Food waste campaign launched in Bristol
Bristol Waste Company has today (1 July) launched a campaign which aims to tackle food waste in the city after it was revealed that the average Bristol household throws away £730 of edible food per year.
The ‘Stop Bin-digestion’ campaign was launched this morning and is designed to encourage households to think twice before throwing food in black bins.
Around 100,000 homes in Bristol will receive a pack containing information on how to avoid ‘bin-digestion’, caused when food waste is disposed of in a black bag.
Research for the campaign showed that just over 25% of a Bristol black bin is made up of food waste, which equates to 20,000 tonnes each year.
The council-owned Bristol Waste Company said this campaign will help reduce this and follows on from the “incredible success” of the Slim My Waste campaign, a citywide scheme which saw a massive 23% increase in food waste collected.
Gwen Frost, head of innovation & sustainability at Bristol Waste, said: “Following on from our award-winning Slim My Waste campaign we wanted to remind residents not to place any food into the general waste bin and to make sure they use their brown food caddies to ensure its recycled and stops #bindigestion.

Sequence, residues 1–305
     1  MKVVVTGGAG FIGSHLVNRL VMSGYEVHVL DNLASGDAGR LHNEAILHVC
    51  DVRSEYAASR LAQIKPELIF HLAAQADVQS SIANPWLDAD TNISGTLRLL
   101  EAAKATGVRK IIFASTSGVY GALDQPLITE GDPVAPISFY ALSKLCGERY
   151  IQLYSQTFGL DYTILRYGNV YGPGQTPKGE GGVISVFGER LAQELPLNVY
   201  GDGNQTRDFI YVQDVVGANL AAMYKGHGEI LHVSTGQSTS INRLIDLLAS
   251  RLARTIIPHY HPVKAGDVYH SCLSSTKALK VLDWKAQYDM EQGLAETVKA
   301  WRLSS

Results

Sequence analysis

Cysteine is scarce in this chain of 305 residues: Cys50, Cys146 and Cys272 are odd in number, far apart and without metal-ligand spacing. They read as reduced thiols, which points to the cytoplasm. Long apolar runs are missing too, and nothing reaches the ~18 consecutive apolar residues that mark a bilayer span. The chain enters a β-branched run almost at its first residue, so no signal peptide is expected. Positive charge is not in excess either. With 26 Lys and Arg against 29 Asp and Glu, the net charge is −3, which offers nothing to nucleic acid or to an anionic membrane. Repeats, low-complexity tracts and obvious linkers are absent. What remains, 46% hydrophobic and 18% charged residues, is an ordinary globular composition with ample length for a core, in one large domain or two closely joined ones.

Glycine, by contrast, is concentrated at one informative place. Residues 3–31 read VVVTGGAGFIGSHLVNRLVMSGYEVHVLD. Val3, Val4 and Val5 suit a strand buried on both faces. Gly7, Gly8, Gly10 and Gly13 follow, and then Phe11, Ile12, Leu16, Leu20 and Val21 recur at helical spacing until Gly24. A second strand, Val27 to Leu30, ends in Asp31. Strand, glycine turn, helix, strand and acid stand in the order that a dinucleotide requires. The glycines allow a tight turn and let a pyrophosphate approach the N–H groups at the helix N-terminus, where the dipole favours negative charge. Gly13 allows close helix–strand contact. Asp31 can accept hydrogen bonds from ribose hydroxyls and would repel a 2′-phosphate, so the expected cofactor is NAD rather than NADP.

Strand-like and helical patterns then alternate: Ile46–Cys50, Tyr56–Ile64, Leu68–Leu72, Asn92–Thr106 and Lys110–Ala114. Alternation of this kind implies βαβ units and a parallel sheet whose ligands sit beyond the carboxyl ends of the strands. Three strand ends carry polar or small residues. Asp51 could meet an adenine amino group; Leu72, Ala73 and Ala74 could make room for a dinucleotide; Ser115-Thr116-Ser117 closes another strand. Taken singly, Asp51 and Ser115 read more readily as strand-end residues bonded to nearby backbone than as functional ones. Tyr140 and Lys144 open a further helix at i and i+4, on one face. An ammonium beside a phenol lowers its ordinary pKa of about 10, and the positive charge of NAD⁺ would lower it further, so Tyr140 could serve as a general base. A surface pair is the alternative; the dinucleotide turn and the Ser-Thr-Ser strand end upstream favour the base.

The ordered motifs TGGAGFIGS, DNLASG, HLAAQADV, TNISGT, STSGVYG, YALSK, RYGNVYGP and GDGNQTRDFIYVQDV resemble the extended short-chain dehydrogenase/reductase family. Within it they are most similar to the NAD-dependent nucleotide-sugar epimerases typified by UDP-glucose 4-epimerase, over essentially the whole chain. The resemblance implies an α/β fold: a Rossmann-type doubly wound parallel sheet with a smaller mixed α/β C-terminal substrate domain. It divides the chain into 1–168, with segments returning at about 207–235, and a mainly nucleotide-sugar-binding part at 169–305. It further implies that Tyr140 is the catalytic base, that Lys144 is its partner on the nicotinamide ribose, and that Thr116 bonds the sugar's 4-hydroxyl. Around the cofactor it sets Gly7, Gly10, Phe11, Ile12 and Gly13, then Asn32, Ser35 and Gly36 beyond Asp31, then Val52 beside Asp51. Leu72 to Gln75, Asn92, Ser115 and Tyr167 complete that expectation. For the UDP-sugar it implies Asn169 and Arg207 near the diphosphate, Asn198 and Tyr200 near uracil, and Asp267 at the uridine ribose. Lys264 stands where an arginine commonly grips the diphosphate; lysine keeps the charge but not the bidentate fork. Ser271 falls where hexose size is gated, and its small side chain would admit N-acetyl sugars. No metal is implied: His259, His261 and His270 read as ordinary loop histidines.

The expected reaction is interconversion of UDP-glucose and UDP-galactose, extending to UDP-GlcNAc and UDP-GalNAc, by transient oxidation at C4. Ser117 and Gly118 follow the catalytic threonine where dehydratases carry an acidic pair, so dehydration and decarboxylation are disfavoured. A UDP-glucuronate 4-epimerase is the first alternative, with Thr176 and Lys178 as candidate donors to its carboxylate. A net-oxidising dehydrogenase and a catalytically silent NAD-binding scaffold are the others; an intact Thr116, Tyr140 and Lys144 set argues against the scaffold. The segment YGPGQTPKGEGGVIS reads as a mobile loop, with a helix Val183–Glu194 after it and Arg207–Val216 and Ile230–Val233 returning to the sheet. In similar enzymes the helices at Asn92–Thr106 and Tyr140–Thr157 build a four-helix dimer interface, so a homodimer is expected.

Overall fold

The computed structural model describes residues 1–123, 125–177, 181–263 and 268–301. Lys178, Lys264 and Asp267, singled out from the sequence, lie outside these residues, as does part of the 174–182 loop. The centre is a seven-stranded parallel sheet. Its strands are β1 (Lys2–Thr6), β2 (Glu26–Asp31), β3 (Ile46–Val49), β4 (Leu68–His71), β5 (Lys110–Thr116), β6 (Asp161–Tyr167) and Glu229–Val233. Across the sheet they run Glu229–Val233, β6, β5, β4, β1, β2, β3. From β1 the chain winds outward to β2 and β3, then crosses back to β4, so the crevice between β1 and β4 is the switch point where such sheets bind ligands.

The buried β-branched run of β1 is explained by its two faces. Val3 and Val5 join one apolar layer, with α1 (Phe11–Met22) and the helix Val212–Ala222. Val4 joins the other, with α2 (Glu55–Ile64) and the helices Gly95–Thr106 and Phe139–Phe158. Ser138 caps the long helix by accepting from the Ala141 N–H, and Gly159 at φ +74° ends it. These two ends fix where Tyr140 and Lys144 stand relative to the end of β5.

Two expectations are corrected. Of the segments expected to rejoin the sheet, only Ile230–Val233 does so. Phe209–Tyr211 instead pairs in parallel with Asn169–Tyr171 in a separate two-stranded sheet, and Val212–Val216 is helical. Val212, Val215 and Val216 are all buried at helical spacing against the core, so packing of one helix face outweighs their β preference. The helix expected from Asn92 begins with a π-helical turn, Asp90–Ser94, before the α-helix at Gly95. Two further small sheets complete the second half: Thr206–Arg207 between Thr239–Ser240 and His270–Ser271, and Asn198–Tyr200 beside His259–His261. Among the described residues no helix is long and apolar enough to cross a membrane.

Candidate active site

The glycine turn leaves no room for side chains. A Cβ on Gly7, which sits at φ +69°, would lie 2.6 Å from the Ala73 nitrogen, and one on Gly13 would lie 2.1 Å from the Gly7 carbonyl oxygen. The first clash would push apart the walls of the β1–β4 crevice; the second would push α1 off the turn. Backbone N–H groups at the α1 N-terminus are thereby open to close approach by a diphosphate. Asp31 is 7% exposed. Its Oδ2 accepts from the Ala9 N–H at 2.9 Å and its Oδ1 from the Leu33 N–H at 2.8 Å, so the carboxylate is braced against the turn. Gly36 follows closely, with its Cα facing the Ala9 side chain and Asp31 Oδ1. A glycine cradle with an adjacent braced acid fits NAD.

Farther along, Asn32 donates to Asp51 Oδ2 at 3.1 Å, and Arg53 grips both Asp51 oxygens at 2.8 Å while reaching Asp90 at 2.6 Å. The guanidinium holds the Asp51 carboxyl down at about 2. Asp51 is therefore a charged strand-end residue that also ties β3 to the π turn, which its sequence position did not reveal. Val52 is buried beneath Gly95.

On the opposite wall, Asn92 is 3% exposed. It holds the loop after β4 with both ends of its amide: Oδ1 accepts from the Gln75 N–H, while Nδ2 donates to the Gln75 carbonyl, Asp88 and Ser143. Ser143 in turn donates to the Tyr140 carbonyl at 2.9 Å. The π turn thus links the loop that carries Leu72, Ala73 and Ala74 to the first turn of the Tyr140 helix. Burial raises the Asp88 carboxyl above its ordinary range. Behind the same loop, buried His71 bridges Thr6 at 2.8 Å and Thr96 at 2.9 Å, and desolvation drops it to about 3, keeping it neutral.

“We know that the average bin in Bristol still contains more than 25% of food waste. The Bin-digestion campaign focuses on how to keep your bin happy and help to reduce unnecessary waste. Simply by planning your shop and meals you can reduce unnecessary food waste massively.”
“With lockdown restrictions, people are buying and cooking more food at home and we want them to start to re-evaluate their behaviours”
“With lockdown restrictions, people are buying and cooking more food at home and we want them to start to re-evaluate their behaviours with food. We believe now is a good time for us to be thinking about how we buy, cook and dispose of unwanted and leftover food.”
Bristol Waste Company said three quarters of food waste in Bristol is avoidable with proper planning, preparation and storage.
The campaign will ask residents to remove any packaging from their food waste, before placing it in a brown food caddy rather than a black wheelie bin.
Food waste in Bristol is sent to the Avonmouth GENeco facility, where a processor turns it in to energy and fertiliser.
Bristol Waste company said the campaign will be rolled out to a cross section of households across the city over a period of four weeks.